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A Midsummer Nights Dream

Essay by review  •  March 24, 2011  •  Essay  •  943 Words (4 Pages)  •  1,415 Views

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In A Midsummer Nights Dream by William Shakespeare, love and magic play a part in causing interesting and confounding problems for the characters. Magic causes the lovers to find that love is no smooth enterprise as stated by Lysander; "The course of true love never did run smooth." (1.1.134) Their pursuit of love may not run smooth but most, although not all, of the lovers end up happy. Hermia and Lysander find that they cannot be together so they run off where Lysander's love for Hermia is lost. Helena cannot seem to make Demetrius love her until Puck's interference and then she does not believe it. Titania and Oberon fight over an Indian boy which causes Oberon to make Titania fall in love with an ass, Bottom. All of these couples have their problems but in the end they find that love will overpower all and they end up happy. The characters of Pyramus and Thisby in the play-within-a-play find that loving each other is difficult with a wall between them and things do not end up so good for them. Puck's statement, "Lord, what fools these mortals be." (3.2.115) seems to encompass the unfortunate experiences of all the lovers.

In the beginning, Hermia and Lysander are forbidden to be together by Egeus even though they love each other. He tells Theseus "Stand forth, Lysander. And, my gracious Duke, This man hath bewitched the bosom of my child." (1.1.26-27). He believes that Lysander has seduced Hermia and will not have that. Faced with a difficult decision they run off together into the wood on their way to be married. While there, they sleep and along comes the mischievous Puck. He puts the love potion in Lysander's eyes but when he wakes the first person he spots is Helena. Under the spell, his love for Hermia is lost. Lysander says to Hermia when she asks what has happened to his love, "Thy love! Out tawny Tartar, out! Out, loathed med'cine! O hated potion, hence!" (3.2.262-263). Hermia does not understand why Lysander would say such things and blames Helena. She cannot see why Lysander would stop loving her. Their love's course seems to have run into a mountain. In the end, after another short sleep, though, they find that their "true" love is returned when Puck has to fix his mistake. They end up becoming happily married.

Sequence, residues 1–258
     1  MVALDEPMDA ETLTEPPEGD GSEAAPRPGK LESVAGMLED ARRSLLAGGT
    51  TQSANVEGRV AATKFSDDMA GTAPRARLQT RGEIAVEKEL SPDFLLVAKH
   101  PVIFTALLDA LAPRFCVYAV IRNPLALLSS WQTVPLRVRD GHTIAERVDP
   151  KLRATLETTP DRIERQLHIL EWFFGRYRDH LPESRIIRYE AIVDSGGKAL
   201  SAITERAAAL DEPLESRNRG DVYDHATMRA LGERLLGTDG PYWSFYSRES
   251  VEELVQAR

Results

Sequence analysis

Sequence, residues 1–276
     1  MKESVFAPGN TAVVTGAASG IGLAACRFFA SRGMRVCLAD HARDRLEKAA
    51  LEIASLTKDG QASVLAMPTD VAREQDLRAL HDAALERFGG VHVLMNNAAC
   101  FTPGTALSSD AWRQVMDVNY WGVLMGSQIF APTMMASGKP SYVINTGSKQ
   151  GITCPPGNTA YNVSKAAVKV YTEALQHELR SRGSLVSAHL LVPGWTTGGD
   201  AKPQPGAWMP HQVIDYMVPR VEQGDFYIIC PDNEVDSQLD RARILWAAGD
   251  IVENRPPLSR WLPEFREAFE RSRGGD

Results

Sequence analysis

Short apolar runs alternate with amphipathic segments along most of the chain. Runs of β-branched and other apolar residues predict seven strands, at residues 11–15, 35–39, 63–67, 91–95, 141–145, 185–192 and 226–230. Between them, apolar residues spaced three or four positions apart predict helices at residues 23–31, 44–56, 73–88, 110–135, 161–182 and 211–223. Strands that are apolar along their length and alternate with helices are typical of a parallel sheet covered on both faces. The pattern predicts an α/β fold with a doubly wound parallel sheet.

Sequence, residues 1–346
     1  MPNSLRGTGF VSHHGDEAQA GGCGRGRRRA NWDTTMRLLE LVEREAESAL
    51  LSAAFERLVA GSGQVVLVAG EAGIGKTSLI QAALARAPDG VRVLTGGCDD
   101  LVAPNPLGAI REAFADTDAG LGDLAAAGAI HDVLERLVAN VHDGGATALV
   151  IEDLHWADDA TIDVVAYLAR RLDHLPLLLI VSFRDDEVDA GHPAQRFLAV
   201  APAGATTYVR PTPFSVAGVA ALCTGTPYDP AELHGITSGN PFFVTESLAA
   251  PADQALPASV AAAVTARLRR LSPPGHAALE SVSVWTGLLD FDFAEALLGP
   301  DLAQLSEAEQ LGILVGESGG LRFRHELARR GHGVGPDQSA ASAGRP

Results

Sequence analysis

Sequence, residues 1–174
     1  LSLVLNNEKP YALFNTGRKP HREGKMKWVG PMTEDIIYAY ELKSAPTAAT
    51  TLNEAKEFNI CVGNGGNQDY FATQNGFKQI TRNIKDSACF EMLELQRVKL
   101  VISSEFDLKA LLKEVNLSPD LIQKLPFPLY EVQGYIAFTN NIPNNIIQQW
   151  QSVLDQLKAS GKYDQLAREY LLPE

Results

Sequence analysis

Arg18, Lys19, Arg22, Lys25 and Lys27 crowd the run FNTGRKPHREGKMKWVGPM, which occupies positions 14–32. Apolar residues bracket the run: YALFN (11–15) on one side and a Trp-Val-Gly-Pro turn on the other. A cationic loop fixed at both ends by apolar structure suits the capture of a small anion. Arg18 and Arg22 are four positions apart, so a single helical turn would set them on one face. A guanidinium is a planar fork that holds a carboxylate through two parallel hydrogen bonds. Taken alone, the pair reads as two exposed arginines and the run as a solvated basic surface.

Helena loves Demetrius but he loves and is supposed to marry Hermia. Helena hopes that telling Demetrius where Lysander and Hermia have run off together to, will make him forget about Hermia, but it does not work. He follows them and Helena follows him. She begs and pledges her love to him; "What worser place can I beg in your love-/And yet a place with high respect with me-/Than to be used as you use your dog?" (2.1.208-210). She puts herself down and begs for the love that he will not give her; "Tempt not the hatred of my spirit." (2.1. ). Later on, when Puck interferes again, Demetrius does find himself in love with Helena but she will not believe it because Lysander is pledging the same things to her. She believes that they are mocking her and exclaims; "Oh spite! Oh hell! I see you all are bent to set against me for your

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